Elsewhere he writes, “Scripture, does not demand absolute precision of us, a precision impossible for creatures…. Indeed, Scripture recognizes that for sake of communication, vagueness is often preferable to precision…. Nor is theology an attempt to state truth without any subjective influence on the formulation.”

What is belief?  Belief is assent to understood propositions.  Clark and his followers (I am one) hold that belief and faith as used in Scripture are one and the same thing.  The difference between ordinary faith and the faith which justifies is the object of faith.  The object of saving faith is the Gospel.

The opposing view maintains that the difference between ordinary faith and saving faith is some additional component to simple belief.  Whatever this component is, it is confusing to anyone who holds the idea that truth is non-contradictory.  Every illustration given to this additional component is confusing unless it is acknowledged to be good works, but those who hold this view will not acknowledge anything of the sort.  Faith is broken down into three parts usually characterized by the three Latin words: notitia, assensus and fiducia.  Notitia and assensus correspond with understanding and assent in English. These two components  combined amount to belief.  According to those who support the three-fold explanation  The supposed additional component which must be added to belief to turn it into saving faith is fiducia which, they say, corresponds with trust in English.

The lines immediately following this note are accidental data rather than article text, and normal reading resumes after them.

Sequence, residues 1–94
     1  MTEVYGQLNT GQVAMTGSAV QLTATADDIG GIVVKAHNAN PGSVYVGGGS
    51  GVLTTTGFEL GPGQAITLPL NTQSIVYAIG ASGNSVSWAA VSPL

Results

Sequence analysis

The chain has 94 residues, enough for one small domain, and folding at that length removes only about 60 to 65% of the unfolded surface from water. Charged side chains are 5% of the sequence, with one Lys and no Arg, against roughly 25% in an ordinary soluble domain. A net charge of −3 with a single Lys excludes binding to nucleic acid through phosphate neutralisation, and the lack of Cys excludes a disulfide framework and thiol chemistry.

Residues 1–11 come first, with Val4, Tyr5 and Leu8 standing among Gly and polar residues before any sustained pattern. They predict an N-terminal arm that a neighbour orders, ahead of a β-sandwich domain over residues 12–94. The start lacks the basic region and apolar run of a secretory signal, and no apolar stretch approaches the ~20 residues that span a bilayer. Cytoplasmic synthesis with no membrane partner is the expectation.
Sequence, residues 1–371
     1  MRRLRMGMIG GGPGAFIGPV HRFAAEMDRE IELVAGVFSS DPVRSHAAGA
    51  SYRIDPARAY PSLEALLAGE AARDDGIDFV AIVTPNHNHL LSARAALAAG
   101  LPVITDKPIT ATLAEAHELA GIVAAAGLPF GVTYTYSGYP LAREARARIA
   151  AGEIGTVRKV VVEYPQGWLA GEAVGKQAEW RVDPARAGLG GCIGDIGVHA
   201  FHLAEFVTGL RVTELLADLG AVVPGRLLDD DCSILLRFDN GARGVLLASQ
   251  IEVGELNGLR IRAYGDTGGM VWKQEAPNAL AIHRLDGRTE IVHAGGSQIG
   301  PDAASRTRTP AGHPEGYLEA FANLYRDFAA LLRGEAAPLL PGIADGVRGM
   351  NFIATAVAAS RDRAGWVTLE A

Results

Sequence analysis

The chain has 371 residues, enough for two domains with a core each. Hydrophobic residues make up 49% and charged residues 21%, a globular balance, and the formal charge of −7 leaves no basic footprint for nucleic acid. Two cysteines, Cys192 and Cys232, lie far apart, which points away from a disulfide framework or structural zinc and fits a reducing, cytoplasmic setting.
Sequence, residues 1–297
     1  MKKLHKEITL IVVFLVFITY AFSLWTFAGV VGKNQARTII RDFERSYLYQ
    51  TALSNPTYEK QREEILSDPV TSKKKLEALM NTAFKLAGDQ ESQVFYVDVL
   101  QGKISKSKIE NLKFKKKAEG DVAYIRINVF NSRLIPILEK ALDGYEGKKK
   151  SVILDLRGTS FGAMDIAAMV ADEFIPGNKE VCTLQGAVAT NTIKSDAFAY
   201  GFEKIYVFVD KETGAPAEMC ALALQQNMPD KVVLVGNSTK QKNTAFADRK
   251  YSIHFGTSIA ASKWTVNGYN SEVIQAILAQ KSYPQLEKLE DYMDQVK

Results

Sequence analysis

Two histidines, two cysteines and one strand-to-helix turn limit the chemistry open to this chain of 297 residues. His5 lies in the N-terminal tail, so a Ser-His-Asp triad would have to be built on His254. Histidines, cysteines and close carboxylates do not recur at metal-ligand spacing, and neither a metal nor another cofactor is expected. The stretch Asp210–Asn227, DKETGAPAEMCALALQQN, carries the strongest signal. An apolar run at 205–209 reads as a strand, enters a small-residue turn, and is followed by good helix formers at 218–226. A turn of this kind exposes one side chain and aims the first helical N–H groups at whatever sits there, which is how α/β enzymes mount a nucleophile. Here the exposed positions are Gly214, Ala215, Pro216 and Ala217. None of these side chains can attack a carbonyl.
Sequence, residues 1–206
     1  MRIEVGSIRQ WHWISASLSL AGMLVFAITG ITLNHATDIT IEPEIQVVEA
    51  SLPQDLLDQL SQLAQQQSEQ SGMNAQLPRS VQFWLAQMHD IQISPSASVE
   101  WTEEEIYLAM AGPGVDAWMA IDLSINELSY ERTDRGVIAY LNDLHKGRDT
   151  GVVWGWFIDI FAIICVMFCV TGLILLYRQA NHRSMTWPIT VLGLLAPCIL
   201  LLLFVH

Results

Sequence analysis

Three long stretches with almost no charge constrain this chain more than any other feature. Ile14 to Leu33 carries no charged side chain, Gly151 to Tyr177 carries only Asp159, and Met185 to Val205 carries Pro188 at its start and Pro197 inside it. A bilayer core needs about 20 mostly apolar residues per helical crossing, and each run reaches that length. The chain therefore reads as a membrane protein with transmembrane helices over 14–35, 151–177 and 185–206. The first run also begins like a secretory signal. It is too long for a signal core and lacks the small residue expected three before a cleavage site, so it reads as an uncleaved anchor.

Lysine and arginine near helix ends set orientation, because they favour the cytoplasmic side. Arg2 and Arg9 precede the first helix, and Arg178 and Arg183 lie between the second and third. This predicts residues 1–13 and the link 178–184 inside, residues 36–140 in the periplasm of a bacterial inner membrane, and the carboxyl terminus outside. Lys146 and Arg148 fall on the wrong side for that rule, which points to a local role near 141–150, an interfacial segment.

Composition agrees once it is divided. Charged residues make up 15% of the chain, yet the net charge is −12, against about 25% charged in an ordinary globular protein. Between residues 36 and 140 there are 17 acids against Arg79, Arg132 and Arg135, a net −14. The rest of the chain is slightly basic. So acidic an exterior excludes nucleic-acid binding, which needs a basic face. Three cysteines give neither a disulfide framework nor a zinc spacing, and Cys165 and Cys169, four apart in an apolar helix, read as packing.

These three Latin words first appeared as the three essential components of saving faith in the writings of Philip Melanchthon in the 16th century.  These three words are not found in Scripture because it is not written in Latin.

The position that saving faith is composed of understanding, assent and trust becomes redundant if trust and belief are the same thing.  If trusting a bank or a person amounts to assenting to certain understood propositions concerning them, then adding trust as a component of faith adds nothing.

Gordon Clark points out that fiducia comes from the same root word as fide, so that  defining faith as notitia, assensus and fiducia is tantamount to defining it as understanding, assent and faith,